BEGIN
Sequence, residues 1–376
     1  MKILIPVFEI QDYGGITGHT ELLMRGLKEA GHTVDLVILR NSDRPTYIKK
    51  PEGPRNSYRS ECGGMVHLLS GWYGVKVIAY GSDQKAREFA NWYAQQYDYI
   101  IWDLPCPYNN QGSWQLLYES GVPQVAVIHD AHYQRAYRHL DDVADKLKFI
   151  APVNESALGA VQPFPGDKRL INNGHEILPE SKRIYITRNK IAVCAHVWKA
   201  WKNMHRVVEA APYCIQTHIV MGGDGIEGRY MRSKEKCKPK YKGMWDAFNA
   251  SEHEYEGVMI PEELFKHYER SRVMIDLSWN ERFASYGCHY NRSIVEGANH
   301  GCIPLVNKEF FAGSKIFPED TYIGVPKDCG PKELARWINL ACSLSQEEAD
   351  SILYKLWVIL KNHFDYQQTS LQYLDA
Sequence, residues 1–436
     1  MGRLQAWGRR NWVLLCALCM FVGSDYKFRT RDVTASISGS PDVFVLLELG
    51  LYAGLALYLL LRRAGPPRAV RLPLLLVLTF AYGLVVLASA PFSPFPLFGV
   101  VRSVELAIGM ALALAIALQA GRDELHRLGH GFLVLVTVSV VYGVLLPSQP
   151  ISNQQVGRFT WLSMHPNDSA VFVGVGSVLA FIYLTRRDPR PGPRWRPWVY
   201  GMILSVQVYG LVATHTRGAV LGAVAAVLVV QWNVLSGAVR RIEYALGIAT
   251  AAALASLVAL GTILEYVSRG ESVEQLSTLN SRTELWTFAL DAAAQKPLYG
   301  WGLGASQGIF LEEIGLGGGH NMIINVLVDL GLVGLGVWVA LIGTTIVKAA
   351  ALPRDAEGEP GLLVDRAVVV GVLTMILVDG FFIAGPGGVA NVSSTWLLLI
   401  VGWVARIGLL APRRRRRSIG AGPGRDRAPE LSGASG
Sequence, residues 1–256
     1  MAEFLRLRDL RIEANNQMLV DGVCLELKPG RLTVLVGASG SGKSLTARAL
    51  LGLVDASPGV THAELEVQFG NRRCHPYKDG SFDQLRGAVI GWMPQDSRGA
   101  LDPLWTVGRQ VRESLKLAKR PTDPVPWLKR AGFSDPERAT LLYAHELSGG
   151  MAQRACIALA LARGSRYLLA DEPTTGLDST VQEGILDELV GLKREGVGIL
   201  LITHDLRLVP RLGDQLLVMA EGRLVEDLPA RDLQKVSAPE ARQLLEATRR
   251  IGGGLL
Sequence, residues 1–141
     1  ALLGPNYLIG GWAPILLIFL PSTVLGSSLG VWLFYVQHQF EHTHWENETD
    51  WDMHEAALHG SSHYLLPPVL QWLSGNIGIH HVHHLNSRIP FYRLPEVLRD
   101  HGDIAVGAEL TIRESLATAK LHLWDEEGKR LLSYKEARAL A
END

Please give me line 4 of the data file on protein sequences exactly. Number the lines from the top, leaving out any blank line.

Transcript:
   101  IWDLPCPYNN QGSWQLLYES GVPQVAVIHD AHYQRAYRHL DDVADKLKFI